Can taking vitamin or mineral supplements help my RLS? If an underlying iron or vitamin deficiency is found to be the cause of your restless legs, supplementing with iron, vitamin B or folate (as indicated) may reduce or even alleviate your symptoms. Because the use of even moderate amounts of some minerals (such as iron, magnesium, potassium, and calcium) can impair your body's ability to use other minerals or can cause toxicity, you should use mineral supplements only on the advice of your healthcare provider. Are there any medications that can make RLS worse? Yes. These include:
Antihistamines (like Benadryl) found in many cold, allergy and over the counter sleeping pills. Anti-dizzy, anti-nausea medications like meclizine, Compazine, Phenergan and Reglan. Antidepressants such as Elavil, Prozac, Lexapro, Effexor. Psychiatric medications that treat bipolar disorders, schizophrenia and other serious disorders such as haloperidol and phenothiazines.
Always be sure that your healthcare provider is aware of all the medicines you are taking, including herbal and over-the-counter medications.
Are there any substances that should be avoided? The use of caffeine often intensifies RLS symptoms. Caffeine-containing products, including chocolate and caffeinated beverages such as coffee, tea, and soft drinks should be avoided. The consumption of alcohol also increases the span or intensity of symptoms for most individuals.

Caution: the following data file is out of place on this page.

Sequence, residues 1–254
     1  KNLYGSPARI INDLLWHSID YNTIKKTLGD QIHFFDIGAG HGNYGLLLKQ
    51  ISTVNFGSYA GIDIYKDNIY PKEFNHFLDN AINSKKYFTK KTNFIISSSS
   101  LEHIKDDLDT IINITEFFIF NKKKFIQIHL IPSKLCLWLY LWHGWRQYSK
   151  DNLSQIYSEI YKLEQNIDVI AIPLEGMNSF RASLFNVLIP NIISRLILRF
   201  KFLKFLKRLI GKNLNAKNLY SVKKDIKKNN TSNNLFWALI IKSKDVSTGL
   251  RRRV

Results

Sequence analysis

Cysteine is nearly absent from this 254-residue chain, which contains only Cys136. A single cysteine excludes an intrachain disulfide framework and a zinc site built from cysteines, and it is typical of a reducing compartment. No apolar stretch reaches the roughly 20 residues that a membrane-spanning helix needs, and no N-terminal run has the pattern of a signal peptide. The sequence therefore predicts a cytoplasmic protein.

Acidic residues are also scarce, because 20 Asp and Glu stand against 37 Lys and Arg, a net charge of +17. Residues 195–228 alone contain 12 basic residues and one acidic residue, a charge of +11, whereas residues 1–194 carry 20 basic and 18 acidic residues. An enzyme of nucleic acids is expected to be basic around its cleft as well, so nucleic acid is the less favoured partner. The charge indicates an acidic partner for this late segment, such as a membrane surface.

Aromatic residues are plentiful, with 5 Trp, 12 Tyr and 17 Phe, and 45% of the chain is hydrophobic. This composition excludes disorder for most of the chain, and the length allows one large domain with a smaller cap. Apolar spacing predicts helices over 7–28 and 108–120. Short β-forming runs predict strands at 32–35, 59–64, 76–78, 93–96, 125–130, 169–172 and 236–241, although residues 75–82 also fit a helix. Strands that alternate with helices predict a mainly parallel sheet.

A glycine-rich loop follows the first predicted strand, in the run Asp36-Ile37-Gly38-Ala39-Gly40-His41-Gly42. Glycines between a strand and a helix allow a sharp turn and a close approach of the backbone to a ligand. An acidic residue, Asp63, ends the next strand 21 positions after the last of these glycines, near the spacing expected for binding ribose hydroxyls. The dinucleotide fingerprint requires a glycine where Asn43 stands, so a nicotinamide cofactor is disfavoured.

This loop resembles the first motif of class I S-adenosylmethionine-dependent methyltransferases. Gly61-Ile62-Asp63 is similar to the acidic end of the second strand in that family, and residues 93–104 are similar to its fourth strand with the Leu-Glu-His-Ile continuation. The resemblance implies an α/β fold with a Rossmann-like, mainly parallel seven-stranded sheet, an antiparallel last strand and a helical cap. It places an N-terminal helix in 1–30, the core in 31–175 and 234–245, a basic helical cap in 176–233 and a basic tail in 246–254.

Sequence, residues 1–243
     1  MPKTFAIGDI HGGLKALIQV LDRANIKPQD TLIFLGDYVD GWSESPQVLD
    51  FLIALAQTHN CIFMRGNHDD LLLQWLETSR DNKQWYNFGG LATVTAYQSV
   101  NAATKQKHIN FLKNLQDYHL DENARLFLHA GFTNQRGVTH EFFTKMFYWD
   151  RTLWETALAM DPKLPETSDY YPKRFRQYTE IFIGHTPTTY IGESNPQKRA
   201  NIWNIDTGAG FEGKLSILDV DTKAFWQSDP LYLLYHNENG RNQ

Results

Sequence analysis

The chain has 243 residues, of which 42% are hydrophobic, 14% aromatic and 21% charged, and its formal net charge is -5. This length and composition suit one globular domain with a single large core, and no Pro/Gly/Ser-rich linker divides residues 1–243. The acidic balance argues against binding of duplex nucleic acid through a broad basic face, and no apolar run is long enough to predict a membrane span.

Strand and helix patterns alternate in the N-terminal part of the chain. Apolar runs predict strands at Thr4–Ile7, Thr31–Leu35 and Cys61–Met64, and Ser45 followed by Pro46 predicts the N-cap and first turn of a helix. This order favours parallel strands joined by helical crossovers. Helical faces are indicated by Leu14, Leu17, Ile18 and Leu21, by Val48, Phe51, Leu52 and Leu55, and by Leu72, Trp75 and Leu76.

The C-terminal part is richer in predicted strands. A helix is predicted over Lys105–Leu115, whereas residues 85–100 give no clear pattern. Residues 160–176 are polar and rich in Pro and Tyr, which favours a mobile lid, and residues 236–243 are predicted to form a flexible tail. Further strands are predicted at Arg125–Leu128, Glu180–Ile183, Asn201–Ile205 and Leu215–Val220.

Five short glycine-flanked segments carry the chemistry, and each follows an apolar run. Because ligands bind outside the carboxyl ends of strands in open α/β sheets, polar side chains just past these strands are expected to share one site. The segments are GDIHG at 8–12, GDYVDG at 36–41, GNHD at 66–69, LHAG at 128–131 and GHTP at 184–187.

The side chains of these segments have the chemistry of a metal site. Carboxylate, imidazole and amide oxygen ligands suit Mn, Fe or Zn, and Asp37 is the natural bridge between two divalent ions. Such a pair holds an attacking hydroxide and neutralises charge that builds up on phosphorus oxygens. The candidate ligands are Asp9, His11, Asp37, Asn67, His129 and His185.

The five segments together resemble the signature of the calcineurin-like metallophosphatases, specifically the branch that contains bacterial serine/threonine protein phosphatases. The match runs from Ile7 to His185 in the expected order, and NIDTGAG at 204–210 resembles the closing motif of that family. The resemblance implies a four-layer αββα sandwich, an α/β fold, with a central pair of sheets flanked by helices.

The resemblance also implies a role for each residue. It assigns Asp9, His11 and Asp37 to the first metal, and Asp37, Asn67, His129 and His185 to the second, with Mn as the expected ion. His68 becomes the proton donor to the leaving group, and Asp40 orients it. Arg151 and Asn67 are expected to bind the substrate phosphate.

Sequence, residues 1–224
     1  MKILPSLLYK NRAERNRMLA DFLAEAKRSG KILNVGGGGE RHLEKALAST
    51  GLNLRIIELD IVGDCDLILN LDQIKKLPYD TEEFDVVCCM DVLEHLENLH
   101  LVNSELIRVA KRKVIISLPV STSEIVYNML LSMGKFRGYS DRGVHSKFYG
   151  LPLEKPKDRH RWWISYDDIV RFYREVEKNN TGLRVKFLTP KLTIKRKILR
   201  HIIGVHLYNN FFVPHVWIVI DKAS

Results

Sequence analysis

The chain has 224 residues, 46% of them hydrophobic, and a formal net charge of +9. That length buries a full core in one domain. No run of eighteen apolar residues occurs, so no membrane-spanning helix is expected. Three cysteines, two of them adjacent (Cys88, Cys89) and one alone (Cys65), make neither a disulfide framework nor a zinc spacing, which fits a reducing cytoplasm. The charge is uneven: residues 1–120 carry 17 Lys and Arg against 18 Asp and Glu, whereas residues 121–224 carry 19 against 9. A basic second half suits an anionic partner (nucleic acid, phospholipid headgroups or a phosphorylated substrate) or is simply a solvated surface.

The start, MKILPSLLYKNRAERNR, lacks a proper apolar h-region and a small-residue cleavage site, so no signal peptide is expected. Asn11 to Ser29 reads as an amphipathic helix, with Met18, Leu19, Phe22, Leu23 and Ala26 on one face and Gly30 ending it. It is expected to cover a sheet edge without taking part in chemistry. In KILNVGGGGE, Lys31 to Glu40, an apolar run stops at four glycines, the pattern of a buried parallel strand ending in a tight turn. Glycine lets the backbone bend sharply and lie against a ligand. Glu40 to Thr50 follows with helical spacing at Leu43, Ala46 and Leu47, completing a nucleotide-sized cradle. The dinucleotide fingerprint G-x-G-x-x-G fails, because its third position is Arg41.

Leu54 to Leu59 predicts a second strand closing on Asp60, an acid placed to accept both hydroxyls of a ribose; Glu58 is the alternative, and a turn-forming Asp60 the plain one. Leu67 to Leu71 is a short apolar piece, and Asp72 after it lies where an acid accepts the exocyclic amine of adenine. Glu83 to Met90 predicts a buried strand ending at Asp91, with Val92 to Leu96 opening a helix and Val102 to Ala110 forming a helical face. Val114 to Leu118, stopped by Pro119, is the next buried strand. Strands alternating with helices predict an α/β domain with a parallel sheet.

How do doctors diagnose RLS? Your doctor should:
Listen to a description of your symptoms. Complete a diagnostic interview checking for symptoms highlighted on the previous page. Review your medical history. Complete a thorough physical exam. Rule out conditions that may be confused with RLS.
Your doctor might:
Check your iron (ferritin) levels. Ask you to stay overnight in a sleep study lab to determine other causes of your sleep disturbance.
Is RLS hereditary? RLS often runs in families. In July of 2007, researchers discovered a gene variant for RLS.
Is there a known cause for RLS? Extensive research into the cause of RLS is occurring worldwide. A single unifying cause has not been identified, but we are getting closer. Here is what we do know:
RLS often runs in families. This is called primary or familial RLS. Researchers are currently looking for the gene or genes that cause RLS. RLS sometimes appears to be a result of another condition, which, when present, worsens the underlying RLS. This is called secondary RLS. Up to 25% of women develop RLS during pregnancy but symptoms often disappear after giving birth. Anemia and low iron levels frequently contribute to a worsening of RLS. RLS is very common in patients requiring dialysis for end-stage renal disease. Damage to the nerves of the hands or feet (i.e., peripheral neuropathy) from any number of causes including diabetes contributes to RLS. Attention Deficit Disorder (ADD) is common in children and adults with RLS.
How common is RLS? Rigorous epidemiologic studies into the true prevalence of RLS are underway. However, several studies have been conducted that look at the rate of response to questions such as "Do you have a creepy, crawly sensation in your legs at night when you attempt to sleep?" Positive rates have ranged from 3% to 15%.
How do I receive additional information about RLS? To receive the most up-to-date and comprehensive information, you can become a member of the Restless Legs Syndrome Foundation. As a member, you will receive our quarterly newsletter NightWalkers featuring the latest information on treatment and research while also allowing readers to ask questions and get answers from top RLS specialists.